It is not often that the fire protection industry has a day like the one at Exova Warringtonfire Aus Pty Ltd fire testing laboratories in May where five full scale fire tests were witnessed by 70 building officials and practitioners. The aim of the day was to show those with the responsibility to approve or design fire protection in buildings what testing takes place on the elements they are signing off on.
It also demonstrated the rigor behind the testing regime that ensures appropriate certification. The third objective was for the audience to see and feel what intense fire can be like in a controlled environment.
There were five tests on the day and three of them will be discussed:
- Full scale wall/Peno and fire door test.
- Bushfire test.
- Room Burn.
The 70 people witnessing the test knew the theory around the tests but many had not seen a test in their careers. Each of these tests had many take away points but in this short article only one will be mentioned for each of the three tests.
Keeping in mind that many of our readers are not professionals in this area each of the three tests will be described but not so detailed that it turns into a scientific paper, however enough to understand what went on.
The first test is a clear example of why we test at all by comparing a rated fire door with a solid core door, which many people see as an equivalent alternative.
Fire separation is measured in minutes, that is, the time it takes for the elements (a door in this case) to fail within the prescribed fire criteria. There are three ways in which an element can fail:
- Structural adequacy; this is the requirement to maintain a load bearing ability during a fire.
- Integrity; the ability of an element not to let flames and/or hot gasses transfer to the non-fire side, usually via cracks and the door edge.
- Insulation; the ability to not transfer heat to the non-fire side of the element, 140°C average rise across the door and with no point increasing more than 180°C.
These three measurements are displayed in that order in minutes e.g. 120/60/60 as this test has no structural requirement the test was for –/30/30. In many guidelines it is said that that a solid core door is equal or close to that of a 30 minute rated door. The test on the day had the solid core door fail in only six minutes showing clearly that they don’t have the protection many think they have.
The room test is to see how long an empty room will take to achieve flashover, the only fuel being the the walls and ceiling lining. There are four groups of materials which depend on the amount of time during a room burn test that material takes to flashover (FO).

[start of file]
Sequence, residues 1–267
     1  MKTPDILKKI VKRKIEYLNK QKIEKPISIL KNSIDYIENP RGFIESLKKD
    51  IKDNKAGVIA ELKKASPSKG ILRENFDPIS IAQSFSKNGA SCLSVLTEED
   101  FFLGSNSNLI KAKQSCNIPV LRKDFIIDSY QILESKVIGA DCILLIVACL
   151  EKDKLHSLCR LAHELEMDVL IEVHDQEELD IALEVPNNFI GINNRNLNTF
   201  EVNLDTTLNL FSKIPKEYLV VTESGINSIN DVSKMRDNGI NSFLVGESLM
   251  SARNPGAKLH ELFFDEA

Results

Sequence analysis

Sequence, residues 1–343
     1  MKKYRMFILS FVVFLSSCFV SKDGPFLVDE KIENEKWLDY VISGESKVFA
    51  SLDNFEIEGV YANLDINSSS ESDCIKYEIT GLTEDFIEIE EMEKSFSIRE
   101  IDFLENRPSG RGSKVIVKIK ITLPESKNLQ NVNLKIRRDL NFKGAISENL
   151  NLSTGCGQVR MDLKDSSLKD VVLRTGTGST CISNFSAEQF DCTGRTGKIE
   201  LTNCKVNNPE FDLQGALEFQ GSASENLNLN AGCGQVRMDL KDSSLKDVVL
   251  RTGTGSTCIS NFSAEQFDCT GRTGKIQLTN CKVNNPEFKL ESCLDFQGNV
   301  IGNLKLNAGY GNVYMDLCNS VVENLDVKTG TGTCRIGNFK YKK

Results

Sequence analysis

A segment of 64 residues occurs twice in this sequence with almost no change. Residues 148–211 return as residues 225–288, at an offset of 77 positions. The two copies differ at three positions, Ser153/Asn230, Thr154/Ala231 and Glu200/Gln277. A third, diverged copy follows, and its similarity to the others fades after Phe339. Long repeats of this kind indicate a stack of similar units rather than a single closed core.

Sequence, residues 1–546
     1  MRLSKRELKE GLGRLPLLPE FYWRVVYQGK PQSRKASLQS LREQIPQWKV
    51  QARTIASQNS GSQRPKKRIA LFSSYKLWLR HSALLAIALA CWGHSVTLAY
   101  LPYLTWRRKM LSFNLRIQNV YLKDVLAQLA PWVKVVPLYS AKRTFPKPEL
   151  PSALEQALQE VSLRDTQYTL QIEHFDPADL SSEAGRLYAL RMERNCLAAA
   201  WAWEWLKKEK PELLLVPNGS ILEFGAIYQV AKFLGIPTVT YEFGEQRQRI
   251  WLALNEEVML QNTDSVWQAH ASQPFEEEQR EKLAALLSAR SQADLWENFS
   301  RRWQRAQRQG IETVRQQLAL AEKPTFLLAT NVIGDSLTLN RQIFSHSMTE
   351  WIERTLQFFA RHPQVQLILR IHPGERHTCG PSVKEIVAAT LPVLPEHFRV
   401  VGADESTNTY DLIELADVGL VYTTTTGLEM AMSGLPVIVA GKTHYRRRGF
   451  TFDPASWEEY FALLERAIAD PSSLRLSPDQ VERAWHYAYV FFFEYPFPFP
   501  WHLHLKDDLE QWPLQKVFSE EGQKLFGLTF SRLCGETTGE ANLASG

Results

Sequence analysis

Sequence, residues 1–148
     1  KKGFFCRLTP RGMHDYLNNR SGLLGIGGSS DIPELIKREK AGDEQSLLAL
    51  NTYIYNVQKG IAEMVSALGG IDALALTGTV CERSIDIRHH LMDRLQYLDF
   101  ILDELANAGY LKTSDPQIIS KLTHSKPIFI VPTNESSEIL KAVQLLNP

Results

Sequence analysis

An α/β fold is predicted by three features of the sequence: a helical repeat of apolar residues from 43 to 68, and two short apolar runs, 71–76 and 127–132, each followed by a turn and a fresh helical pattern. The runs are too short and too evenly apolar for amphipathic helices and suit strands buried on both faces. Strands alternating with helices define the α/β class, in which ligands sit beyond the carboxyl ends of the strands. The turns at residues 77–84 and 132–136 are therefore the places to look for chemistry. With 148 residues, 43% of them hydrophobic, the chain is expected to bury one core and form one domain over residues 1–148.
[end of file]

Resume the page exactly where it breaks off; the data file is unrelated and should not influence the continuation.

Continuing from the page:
The table above right is a simplistic explanation so you can get an understanding of what the audience was witnessing. For the room burn a lining of plywood was chosen, the test was quite dramatic with flashover occurring at 5.30 minutes; many were surprised at the intensity of the flashover in what is perceived as an empty room.
The bushfire test assesses how the exterior of a building will react to the various aspects of a bushfire attack. This test is for individual elements such as windows, doors, walls, skylights etc.
Bushfire attack is classified by the amount of heat flux imposed on a building, during a bushfire, measured in kW/m² there are five BAL levels 12.5, 19, 29, 40 and flame zone. This test moved a heat source, equivalent to BAL 29, to simulate a bushfire attack on roof elements, in this case specifically a skylight The element tested behaved as expected during the test but what surprised many in the audience was the intensity of the heat when the radiant panel doors were opened forcing those at the front to retreat a considerable distance from the heat. It is worth mentioning that the BAL ratings are for building elements and that even at the lowest level of BAL 12.5 a person would perish within minutes if they were caught in the open during a bushfire of this intensity.
Exova should be congratulated for this initiative, bringing together a large number of building surveyors, engineers and scientists to see what is involved in the testing of those parts of a building that are essential to stop the spread of fire and so allowing occupants to escape or in the case of bushfire, know what protection they needed in relation to the threat the surrounding bush has on the property.
All of those attending had their own takeaways from the experience and it will make them more aware of the consequences of their decisions and/or more confident that the testing regimes ensure that their decisions are the correct ones.
For further information, go to www.exova.com